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I think this youtube video from India and the readers are native or near native speakers.

enter image description here

The truck has a piece on its roof and it can not go through the garage door.

At 8:40, the video says "the truck will be able to fit under the garage door".

However, I think "fit under the door" should look like this.

enter image description here

I don't think "the truck will be able to fit under the garage door" is correct. It should be "the truck will be able to fit under the top bar of the garage door frame" or "the truck will be able to fit through the garage door".

Is it correct to say "the truck will be able to fit under the garage door"?

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  • It's syntactically valid, but idiomatically "unusual" to include be able to in the context of #1 X fits Y or #2 X will fit Y. Where we normally only use the future reference in #2 if X hasn't yet been "fitted" to Y. But as with many similar contexts, saying you will do X carries the unavoidable implication that you will be able to do X, and it will often seem rather odd to explicitly point out the fact of having that "capacity / ability" if you've got it at time of speaking anyway (but just haven't used it yet). Sep 18 at 11:36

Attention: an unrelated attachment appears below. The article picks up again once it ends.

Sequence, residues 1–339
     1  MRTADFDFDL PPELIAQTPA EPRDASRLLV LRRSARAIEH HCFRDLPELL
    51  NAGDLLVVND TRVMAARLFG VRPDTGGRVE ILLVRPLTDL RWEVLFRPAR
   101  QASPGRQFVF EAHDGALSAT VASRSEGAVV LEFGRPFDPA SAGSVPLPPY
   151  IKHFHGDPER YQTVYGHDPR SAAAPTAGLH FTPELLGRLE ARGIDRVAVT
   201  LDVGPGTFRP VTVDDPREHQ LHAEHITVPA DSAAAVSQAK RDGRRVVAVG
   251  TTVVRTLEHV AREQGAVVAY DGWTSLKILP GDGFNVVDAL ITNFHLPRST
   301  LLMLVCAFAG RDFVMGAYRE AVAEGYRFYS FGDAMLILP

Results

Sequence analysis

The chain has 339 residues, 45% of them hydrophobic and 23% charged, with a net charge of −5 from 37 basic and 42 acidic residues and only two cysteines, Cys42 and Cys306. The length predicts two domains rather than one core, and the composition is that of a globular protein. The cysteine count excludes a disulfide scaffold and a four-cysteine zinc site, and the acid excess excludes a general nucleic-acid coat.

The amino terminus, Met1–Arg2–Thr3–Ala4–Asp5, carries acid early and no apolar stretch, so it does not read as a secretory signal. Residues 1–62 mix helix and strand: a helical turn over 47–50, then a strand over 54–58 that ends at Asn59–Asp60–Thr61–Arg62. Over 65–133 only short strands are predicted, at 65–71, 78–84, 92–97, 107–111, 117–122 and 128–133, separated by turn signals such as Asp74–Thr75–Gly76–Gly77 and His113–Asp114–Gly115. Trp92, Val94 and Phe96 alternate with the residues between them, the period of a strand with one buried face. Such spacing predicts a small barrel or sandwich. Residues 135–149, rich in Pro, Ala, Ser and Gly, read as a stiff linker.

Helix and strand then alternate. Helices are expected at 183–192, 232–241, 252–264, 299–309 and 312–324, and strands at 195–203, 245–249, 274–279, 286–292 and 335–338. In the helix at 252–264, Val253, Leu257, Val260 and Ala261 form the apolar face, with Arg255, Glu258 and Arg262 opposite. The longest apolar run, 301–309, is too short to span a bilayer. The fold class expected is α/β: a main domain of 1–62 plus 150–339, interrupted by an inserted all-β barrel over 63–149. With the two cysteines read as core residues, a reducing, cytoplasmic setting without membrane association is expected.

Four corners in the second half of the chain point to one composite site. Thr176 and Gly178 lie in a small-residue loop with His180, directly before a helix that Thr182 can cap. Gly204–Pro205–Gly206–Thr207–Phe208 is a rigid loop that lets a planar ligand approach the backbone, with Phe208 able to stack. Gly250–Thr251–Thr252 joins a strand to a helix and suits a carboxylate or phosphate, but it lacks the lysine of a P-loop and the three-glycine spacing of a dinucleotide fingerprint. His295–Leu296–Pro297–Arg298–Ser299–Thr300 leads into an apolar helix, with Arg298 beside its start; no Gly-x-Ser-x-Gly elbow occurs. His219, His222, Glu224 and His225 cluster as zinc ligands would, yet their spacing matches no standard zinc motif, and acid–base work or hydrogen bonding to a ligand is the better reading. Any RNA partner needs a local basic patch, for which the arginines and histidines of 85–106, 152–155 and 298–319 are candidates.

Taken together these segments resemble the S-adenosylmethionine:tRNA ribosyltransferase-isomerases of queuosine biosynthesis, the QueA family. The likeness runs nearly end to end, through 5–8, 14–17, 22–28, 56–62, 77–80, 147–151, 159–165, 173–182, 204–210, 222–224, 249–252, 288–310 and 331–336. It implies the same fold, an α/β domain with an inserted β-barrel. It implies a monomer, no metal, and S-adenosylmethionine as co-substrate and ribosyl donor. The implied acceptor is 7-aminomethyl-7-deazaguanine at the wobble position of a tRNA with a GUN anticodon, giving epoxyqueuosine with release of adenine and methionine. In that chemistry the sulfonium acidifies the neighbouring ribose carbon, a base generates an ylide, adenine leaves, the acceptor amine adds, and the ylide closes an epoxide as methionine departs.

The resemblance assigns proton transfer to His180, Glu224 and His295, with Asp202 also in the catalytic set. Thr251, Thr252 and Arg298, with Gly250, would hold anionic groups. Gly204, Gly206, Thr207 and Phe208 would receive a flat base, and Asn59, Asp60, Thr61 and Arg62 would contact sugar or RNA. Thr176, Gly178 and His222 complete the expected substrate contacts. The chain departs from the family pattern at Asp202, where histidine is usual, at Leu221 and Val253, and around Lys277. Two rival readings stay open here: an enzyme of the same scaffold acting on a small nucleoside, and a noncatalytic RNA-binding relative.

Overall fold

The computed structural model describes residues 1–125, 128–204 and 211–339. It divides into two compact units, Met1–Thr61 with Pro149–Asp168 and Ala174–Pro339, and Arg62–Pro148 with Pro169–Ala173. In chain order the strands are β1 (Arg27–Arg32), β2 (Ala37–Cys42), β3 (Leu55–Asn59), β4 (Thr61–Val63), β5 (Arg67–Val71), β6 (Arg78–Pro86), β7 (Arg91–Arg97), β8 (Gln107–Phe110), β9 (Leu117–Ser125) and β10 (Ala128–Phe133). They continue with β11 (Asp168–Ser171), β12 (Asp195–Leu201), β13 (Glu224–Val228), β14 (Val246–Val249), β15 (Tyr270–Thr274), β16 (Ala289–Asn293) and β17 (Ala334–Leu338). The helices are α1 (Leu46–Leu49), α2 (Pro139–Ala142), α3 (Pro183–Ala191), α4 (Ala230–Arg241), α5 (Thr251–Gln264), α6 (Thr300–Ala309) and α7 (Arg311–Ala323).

• I don't see a problem with their sentence. The context makes it perfectly clear what they mean, and is much clearer and less wordy than any of the alternatives.
    – stangdon
    Sep 18 at 16:26
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It's correct. In this case, the garage door is the retracted cover of the entrance. Going or fitting under something only describes the relative positions of two things. The usual closed position of the door does not matter.

For example, if you lifted a car 100m in the air and walked underneath it, you can "fit under the car."

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